|Scientific Name:||Piliocalyx eugenioides Guillaumin|
|Red List Category & Criteria:||Endangered B1ab(iii)+2ab(iii) ver 3.1|
|Reviewer(s):||Pollock, C.M. & Hilton-Taylor, C.|
Piliocalyx eugenioides is endemic to New Caledonia, where it has an extent of occurrence (EOO) of 480 km² and an area of occupancy (AOO) of 16 km². The species is known from four locations; two of these sites are imprecise and are known only from collections dating back to 1870 and 1977. Its habitat is among the most threatened in New Caledonia; dry forests have been reduced dramatically, both in size and in quality. They have been intensively cut for agricultural purposes over the last century and what remains today are highly fragmented patches that suffer intense predation by the introduced Rusa Deer (Cervus timorensis russa) and uncontrolled fires. Reduction of habitat has been estimated at 95% over the last 150 years (Bouchet 1995) and degradation continues today.
|Range Description:||This species is endemic to New Caledonia. There are two small sites occupied by the species in the Paita region, and two older collections (1870 and 1977) with imprecise and doubtful localities: one in Dumbea and the other in Koh (south of Kouaoua). Distances between sites are 10 and 92 km (in straight line). Its total extent of occurrence is 480 km², and its estimated area of occupancy within this range is 16 km².|
|Range Map:||Click here to open the map viewer and explore range.|
|Population:||In the dry forest of Pointe Maa (Paita), the P. eugenioides subpopulation is significant, with several dozens of mature trees. In Nakutakoin, it also forms dense and healthy population of several hundreds individuals. The other sites are old collections and no observations have been made on those subpopulations. In Pointe Maa, the recruitment is very weak due to intense predation by Rusa Deer (Cervus timorensis russa) and the subpopulation mostly consists of adult trees. In Nakutakoin it does regenerate well despite the presence of deer and pigs.|
|Current Population Trend:||Unknown|
|Habitat and Ecology:||A population of P. eugenioides is known from the dry forest of Pointe Maa, another one is from the dry/mesic forest of Nakutakoin. The other locations are imprecise. Tropical dry forests are probably among the world’s most endangered of all lowland tropical forests. Because of their propensity to become pastures and their susceptibility to fire, dry forests have reduced dramatically, in size as well as in quality. In New Caledonia, they’ve been intensively cut for agricultural purposes for a century; what remains today are highly fragmented patches that have been estimated at 2% of the original area.|
|Continuing decline in area, extent and/or quality of habitat:||Yes|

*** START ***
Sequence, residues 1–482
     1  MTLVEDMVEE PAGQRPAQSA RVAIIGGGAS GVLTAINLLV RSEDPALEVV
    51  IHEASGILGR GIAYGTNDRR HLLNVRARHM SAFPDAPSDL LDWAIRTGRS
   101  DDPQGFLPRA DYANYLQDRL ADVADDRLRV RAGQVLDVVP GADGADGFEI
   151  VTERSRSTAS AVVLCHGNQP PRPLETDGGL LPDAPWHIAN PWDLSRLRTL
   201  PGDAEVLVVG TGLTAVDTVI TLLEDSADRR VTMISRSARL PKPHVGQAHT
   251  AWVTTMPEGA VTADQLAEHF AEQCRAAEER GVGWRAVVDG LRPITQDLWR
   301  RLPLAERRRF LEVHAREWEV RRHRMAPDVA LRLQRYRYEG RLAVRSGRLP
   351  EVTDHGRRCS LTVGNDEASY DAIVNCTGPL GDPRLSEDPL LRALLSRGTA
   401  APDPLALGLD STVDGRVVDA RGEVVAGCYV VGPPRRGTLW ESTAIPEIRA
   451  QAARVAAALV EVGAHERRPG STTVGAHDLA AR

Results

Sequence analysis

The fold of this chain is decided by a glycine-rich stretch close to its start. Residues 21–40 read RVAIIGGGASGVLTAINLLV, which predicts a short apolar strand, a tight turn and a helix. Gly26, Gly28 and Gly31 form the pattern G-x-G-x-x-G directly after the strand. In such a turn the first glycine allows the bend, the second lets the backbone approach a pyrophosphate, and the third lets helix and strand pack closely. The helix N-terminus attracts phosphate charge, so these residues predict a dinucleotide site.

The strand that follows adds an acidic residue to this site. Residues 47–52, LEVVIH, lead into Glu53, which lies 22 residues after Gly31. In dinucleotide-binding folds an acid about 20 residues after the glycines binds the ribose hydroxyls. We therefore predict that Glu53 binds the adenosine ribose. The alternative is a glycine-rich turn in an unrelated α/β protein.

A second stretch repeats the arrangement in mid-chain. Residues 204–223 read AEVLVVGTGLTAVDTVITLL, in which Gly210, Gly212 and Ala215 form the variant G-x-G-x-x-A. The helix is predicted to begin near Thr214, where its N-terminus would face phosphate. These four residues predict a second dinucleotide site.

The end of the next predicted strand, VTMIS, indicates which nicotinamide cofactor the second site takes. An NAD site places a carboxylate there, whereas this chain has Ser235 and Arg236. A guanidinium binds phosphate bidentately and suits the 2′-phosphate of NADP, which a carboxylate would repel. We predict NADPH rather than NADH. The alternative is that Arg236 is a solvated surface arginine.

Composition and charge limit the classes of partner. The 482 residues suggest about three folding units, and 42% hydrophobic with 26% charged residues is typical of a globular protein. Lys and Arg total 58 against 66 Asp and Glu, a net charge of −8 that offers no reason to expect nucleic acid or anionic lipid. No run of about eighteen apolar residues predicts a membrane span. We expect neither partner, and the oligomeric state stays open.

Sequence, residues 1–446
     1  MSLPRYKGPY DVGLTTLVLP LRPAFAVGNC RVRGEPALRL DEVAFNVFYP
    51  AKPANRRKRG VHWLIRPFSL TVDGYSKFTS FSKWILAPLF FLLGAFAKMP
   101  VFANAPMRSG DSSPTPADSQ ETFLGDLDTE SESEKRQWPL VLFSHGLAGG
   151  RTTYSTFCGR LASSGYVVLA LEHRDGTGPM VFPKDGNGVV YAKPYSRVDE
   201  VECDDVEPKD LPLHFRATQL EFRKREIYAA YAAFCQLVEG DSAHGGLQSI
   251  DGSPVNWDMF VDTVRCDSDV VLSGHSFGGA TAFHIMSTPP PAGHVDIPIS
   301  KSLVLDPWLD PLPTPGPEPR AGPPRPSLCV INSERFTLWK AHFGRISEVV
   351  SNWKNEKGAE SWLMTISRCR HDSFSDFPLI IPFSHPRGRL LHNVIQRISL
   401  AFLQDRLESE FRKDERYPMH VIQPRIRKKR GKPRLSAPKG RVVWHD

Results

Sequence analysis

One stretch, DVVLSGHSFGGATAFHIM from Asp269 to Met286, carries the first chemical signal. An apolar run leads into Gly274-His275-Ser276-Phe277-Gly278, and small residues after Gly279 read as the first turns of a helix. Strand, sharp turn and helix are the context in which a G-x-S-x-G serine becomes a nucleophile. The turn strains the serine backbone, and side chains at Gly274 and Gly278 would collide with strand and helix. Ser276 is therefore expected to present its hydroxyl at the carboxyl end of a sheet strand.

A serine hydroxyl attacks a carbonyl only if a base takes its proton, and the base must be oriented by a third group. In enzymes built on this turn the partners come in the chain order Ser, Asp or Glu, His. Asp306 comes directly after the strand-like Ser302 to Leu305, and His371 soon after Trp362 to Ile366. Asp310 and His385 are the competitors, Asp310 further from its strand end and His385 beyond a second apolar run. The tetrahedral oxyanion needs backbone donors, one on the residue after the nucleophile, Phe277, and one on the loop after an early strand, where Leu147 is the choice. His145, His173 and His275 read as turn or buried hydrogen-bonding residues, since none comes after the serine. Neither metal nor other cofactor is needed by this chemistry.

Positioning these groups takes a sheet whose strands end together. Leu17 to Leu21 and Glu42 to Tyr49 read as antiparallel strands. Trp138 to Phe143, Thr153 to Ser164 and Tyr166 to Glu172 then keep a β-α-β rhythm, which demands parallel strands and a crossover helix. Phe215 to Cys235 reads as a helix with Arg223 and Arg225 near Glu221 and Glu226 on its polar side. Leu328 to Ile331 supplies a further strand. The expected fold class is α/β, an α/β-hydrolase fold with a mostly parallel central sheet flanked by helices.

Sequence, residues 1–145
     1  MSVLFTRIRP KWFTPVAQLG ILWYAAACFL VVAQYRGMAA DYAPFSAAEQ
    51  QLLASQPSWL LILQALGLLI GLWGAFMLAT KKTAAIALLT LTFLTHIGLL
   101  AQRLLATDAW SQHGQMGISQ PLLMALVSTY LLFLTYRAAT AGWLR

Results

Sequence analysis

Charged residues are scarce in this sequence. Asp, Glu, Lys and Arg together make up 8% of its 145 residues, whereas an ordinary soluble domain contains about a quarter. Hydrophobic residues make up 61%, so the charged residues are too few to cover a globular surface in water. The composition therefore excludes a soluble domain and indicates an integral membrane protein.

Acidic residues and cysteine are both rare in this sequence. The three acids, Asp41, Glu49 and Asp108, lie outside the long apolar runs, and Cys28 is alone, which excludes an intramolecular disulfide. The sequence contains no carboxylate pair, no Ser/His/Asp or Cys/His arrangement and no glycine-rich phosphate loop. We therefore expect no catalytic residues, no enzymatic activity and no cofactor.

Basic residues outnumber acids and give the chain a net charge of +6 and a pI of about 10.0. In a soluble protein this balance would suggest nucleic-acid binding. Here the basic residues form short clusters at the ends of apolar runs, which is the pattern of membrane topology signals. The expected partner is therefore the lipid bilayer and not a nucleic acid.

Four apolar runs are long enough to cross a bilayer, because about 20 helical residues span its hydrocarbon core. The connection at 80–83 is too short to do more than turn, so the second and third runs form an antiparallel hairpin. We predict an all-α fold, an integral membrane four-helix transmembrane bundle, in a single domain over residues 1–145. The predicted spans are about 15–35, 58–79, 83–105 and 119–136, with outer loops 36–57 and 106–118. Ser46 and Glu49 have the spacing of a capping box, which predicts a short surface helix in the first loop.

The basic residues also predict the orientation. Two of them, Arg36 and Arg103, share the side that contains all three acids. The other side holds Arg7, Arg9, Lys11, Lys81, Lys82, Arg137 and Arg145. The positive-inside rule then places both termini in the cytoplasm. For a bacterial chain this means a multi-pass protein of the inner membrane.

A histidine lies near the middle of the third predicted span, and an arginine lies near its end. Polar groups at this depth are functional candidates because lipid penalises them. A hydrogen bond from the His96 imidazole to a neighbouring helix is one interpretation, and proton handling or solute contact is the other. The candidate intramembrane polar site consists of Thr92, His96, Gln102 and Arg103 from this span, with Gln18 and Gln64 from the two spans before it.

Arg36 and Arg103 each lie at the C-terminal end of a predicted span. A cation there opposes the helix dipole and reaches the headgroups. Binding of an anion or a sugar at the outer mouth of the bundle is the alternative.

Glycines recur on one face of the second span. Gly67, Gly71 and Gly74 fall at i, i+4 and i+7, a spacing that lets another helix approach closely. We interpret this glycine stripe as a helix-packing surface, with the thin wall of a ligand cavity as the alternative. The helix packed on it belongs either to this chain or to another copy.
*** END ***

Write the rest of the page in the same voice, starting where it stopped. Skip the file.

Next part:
|Major Threat(s):||The major threat is lowland clearing for cattle grazing and agriculture, which began in the 1850s and is ongoing. Another threat comes from the Rusa Deer (Cervus timorensis russa), which was introduced in the 1880s and adapted extremely well to the Caledonian habitats. Its population may have reached 105,000–110,000 individuals in the wild. This deer consumes a wide variety of plant species and also causes severe damage to trees by rubbing antlers against tree stems. The third major threat is uncontrolled fires that sweep across lowlands of New Caledonia each year during the dry season and have slowly transformed remnant patches of dry forest into shrubland dominated by Acacia spirorbis and Leucaena leucocephala, or Niaouli (Melaleuca quinquenervia) savannas.|
|Conservation Actions:||Present in a partly protected area (the area is fenced but there are deer inside). Studies are ongoing on regeneration on this site. This species is cultivated ex situ.|
Bouchet, P., Jaffré, T. and Veillon, J.-M. 1995. Plant extinction in New Caledonia: protection of sclerophyll forest urgently needed. Biodiversity and Conservation 4: 415-428.
de Garine-Wichatitsky, M., Soubeyran, Y., Maillard, D. and Duncan, P. 2005. The diets of introduced rusa deer (Cervus timorensis russa) in a native sclerophyll forest and a native rainforest of New Caledonia. New Zealand Journal of Zoology 32(2): 117-126.
Guillaumin, A. 1948. Flore analytique et synoptique de la Nouvelle-Calédonie, phanérogames. Office de la Recherche Scientifique Coloniale, Paris.
IUCN. 2010. IUCN Red List of Threatened Species (ver. 2010.4). Available at: http://www.iucnredlist.org. (Accessed: 27 October 2010).
Jaffré, T., Bouchet, P. and Veillon, J.-M. 1998. Threatened plants of New Caledonia: Is the system of protected areas adequate? Biodiversity and Conservation 7: 109-135.
Jaffré, T., Morat, P. and Veillon, J.-M. 1993. Etude floristique et phytogéographique de la forêt sclérophylle de Nouvelle-Calédonie. Bulletin du Muséum national d'histoire naturelle. Section B, Adansonia 15(1-4): 107-146.
Meyer, J.-Y. 2000. Preliminary review of the invasive plants in the Pacific islands (SPREP Member Countries). Invasive species in the Pacific: A technical review and draft regional strategy. In: G. Sherley (ed.). SPREP.
|Citation:||Hequet, V. 2010. Piliocalyx eugenioides. The IUCN Red List of Threatened Species 2010: e.T177853A7470050.Downloaded on 20 April 2018.|
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